Tuesday, December 8, 2015

Four Months Ago (a Guest Post by Sophia Silva)

(Common Ground is sad to say good-bye to a very special young woman who has been with us the past few months. Sophia Silva, a senior Mizzou social work student, has been an enormous help with both Common Ground and Fresh Start Market, as well as our neighbor, HALO. We will miss her! We asked her to sum up her experiences in a guest blog post.  She gives a great perspective on what she has seen and heard while here.  And no, Kristen did not pay her money to say all the nice things at the end...but she should have! She is worth every penny! Good luck as a future social worker, Sophia! You'll be awesome!)

Four months ago…

Four months ago I had never heard of Common Ground or been to Jefferson City. I thought social service agencies were gloomy and filled with hopelessness: that the clients would be angry, frustrated with a system that has let them down; that I would not be able to connect with people living in poverty, because we are from such different backgrounds even with all the knowledge and education form the social work program I have. Four months ago I believed that poverty was so complex that I wouldn’t be able to make a difference in a client’s life, because I am just a practicum student, what could I do for them?

Four months ago I started a new learning and life journey as a practicum student at Common Ground working under Kristen. Here I am now at the end of my journey, and I can say that I have seen first hand how much courage, passion and resilience exists in this agency. Frequently I would hear about situations from clients that I could never imagine making it out of. However, not once did I see a client hopeless or angry. Courageously every client came, and opened up some of their darkest facets of life, hopeful of any assistance they could receive. Four months later I saw prospect in every client. Each and every one of them with strength they could identify and be proud of. To me that is social work in its sincerest form.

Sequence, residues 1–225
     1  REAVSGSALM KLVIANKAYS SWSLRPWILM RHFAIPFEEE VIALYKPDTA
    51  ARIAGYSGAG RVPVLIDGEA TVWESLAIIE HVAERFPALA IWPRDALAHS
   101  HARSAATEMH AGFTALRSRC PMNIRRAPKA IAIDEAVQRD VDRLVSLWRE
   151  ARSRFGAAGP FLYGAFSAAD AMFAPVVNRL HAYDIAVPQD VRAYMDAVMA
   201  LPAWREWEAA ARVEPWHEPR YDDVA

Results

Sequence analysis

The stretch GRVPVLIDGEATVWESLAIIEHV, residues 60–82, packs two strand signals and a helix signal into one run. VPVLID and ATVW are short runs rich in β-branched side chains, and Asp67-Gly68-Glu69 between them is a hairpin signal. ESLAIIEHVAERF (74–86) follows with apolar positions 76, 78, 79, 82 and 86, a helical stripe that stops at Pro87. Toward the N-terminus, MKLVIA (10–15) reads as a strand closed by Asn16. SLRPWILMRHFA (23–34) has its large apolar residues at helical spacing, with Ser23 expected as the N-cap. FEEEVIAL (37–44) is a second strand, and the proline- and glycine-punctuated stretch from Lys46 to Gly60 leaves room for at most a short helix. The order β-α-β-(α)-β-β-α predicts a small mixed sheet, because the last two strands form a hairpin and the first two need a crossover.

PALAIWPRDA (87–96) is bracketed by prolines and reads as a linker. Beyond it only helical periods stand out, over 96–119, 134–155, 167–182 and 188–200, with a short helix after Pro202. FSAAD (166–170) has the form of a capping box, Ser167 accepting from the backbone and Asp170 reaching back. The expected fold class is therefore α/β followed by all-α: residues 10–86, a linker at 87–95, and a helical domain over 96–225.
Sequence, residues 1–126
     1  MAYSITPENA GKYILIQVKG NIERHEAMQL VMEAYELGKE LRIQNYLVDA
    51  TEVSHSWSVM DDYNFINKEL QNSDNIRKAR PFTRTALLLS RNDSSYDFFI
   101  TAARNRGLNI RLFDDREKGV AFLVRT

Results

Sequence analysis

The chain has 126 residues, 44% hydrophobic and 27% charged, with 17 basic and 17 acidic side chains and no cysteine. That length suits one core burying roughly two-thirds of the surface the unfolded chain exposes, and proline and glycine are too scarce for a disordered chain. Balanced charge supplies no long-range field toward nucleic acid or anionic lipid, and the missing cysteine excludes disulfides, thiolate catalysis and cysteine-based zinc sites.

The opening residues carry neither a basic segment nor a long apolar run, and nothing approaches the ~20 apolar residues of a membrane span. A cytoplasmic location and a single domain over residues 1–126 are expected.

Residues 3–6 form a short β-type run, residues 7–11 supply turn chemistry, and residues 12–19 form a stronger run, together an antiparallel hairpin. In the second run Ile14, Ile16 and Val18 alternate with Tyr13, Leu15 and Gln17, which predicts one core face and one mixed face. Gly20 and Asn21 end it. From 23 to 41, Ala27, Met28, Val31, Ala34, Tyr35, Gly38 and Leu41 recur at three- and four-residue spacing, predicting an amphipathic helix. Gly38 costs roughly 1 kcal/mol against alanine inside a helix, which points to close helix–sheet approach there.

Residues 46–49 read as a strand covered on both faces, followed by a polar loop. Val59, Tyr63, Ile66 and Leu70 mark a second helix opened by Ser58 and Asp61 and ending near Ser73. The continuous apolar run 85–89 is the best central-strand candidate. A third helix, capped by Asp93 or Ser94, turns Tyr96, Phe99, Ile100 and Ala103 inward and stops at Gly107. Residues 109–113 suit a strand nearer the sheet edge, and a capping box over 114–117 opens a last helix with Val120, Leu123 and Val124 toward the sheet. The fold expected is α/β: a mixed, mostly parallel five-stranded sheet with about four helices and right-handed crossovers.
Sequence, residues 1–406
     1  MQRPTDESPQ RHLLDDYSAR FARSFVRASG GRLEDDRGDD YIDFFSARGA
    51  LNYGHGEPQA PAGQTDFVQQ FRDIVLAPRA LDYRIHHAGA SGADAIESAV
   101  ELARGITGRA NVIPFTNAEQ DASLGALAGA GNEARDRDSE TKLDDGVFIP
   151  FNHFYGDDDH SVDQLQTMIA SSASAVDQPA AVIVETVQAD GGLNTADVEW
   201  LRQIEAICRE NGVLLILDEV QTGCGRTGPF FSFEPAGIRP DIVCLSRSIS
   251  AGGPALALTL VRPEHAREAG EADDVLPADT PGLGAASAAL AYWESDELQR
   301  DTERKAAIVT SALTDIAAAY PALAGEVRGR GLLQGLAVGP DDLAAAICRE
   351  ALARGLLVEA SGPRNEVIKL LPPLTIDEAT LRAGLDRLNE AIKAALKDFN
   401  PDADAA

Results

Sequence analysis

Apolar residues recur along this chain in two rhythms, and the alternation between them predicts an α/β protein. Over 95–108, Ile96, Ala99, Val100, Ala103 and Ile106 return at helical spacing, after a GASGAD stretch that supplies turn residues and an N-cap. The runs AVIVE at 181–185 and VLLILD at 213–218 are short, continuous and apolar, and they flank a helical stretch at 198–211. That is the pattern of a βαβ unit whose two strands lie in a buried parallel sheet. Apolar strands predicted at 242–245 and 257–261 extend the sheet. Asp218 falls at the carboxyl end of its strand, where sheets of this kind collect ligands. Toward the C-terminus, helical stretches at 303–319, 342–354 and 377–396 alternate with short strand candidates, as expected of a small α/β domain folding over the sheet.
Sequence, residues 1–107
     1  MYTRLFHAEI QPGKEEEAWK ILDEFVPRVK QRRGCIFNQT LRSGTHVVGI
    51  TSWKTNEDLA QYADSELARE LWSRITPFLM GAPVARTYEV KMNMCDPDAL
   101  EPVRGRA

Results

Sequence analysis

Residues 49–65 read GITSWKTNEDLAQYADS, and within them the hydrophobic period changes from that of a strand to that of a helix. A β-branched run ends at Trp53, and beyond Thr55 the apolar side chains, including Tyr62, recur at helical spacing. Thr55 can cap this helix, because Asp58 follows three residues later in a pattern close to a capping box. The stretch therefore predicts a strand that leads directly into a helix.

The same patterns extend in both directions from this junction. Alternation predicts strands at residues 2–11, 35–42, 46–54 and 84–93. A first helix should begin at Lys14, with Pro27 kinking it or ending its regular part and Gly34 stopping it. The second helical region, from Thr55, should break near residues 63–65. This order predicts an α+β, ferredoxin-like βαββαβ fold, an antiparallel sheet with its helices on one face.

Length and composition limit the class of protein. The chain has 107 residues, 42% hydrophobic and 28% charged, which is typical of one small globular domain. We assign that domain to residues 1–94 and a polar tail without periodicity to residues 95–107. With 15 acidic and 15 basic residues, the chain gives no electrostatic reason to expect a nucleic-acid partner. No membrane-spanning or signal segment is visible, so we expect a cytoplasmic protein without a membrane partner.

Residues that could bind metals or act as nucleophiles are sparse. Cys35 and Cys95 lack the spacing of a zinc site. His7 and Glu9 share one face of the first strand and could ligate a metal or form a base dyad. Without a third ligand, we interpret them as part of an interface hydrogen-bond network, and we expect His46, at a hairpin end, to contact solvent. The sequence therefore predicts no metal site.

Four months ago I thought it would be hard to connect with clients at Common Ground. Now I recognize clients by name outside of the building and feel genuinely excited to have the opportunity to talk with them. One client in particular, she is my new favorite acquaintance: the woman who changed it all for me, who taught me a lesson I thought I’d never understand – the reality of how hard it is to rise above situations where you just cannot get ahead. No lecture or poverty stimulation could do what her story did for me. I don’t know what it is about her story in particular that made such an impact on me. I was able to feel the highest level of empathy. It didn’t matter she had just been released from prison with a past some may consider unforgiveable. All I could feel was a need to understand and help her. We connected.  

Four months ago I thought I would not be able to help that many people, I doubted all that I could actually do to provide change in people’s lives. Was I wrong! Four months later I have done so much. Things I did not think four months ago I could do: personally assist over one hundred homeless individuals; provide assistance to clients in an assessment that I led myself; and sign up close to one hundred clients for a market! Never did I think I would be able to do all these things and feel so much compassion doing them. Along with how grateful I am that I was given the opportunity to do so.

Lastly four months ago I did not know who Kristen Hilty was. I could probably write another entire blog on her alone so I am going to try and capture all that she does quickly. This is the best example I can think of… Project Homeless Connect was right around the corner (planning it while already being the director at Common Ground). As well as taking ownership in handling the (extremely large and complicated) grant, she still did little things like run to Walmart to pick up nametags and pens for the event! While we were at the store doing these last minute tasks, she stopped to grab supplies for her daughters birthday, and remembered to make sure to pick up her favorite cookies, and in the right frosting color! Because nothing is worse than you Mother grabbing the wrong cookies for your class birthday treat! She does the big things, and the little things! I also forgot to mention how on our car ride to Walmart this remarkably smart woman, director, mother, wife and my teacher discussed with me the most important complexities of assisting people in poverty and how programs and assistance should be provided. Her ideas and values are ones that can truly make a difference and be the change we need in dealing with these issues. Saying that I feel honored to have worked and learned under her would be an understatement. I do not know how else to say it besides, thank you! For taking the time to mentor me and teaching me lessons I will have forever! 

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